“He took away the foreign altars and the high places and broke down the pillars and cut down the Asherim and commanded Judah to seek the Lord, the God of their fathers, and to keep the law and the commandment. He also took out of all the cities of Judah the high places and the incense altars. And the kingdom had rest under him.” (2 Chronicles 14:3-5)

In addition to this, he also faced down his very own mother, and took the idolatrous Asherah pole that she had made and chopped it to bits and burned the pieces (2 Chronicles 15:16).  Sure, he was the king, but it takes some zealous guts to rebuke your own mom like that - no matter how much she might deserve it!

And then comes the big story.  An Ethiopian named Zerah came out against Judah with an army of one million men, supported by an additional three hundred chariots (chariots being effectively the tanks of ancient warfare).  Now, Judah and Benjamin together were able to field over half a million men to meet this massive horde (for an idea of scale, just imagine that this army of Ethiopians was one hundred times larger than the army of orcs that fought against Helm’s Deep in The Lord of the Rings: The Two Towers), but it wasn’t the strength of Judah’s arms that helped King Asa to win the day against the million man army.  Asa brought the issue to God:

“And Asa cried to the Lord his God, ‘O Lord, there is none like you to help, between the mighty and the weak. Help us, O Lord our God, for we rely on you, and in your name we have come against this multitude. O Lord, you are our God; let not man prevail against you.’” (2 Chronicles 14:11)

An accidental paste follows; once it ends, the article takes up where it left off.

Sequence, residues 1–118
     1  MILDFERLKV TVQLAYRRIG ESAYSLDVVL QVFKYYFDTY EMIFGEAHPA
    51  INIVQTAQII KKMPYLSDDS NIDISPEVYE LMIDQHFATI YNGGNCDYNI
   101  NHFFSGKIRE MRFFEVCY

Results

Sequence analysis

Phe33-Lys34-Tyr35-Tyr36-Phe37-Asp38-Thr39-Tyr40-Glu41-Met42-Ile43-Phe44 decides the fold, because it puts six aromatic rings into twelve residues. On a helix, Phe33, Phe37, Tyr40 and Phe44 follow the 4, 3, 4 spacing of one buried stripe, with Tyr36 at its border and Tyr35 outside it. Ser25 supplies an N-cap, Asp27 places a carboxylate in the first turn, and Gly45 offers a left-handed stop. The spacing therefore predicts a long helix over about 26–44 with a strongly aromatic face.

The next verse is striking: “So the Lord defeated the Ethiopians” (2 Chronicles 14:12).  In fact, the Lord defeated them, routed them, and the army of Judah pursued them and killed every single man of the one million that was originally arrayed against them.  Now take a moment and go look for the list of battles in world history, sorted by casualty numbers.  See any that get close to one million?  This is a world-record-setting battle, but all of the praise belongs to the Lord.  It was His victory, accomplished for His people, in answer to the faithful prayer of the king.

So Asa was a pretty faithful guy.  Look at that huge victory!  Look at all of those reforms that he made that started to clean up Judah and Benjamin from the previous years of slack adherence to God’s commands!  But sadly, his story doesn’t really have a happy ending.

“In the thirty-sixth year of the reign of Asa, Baasha king of Israel went up against Judah and built Ramah, that he might permit no one to go out or come in to Asa king of Judah. Then Asa took silver and gold from the treasures of the house of the Lord and the king's house and sent them to Ben-hadad king of Syria, who lived in Damascus, saying, ‘There is a covenant between me and you, as there was between my father and your father. Behold, I am sending to you silver and gold. Go, break your covenant with Baasha king of Israel, that he may withdraw from me.’” (2 Chronicles 16:1-3)

If it seems weird to you that the guy who had previously defeated a million men through his faithful reliance on the Lord later turned to earthly means to handle another threat, then you are not alone.  God even sent Hanani the seer to confront Asa over this strange change of heart: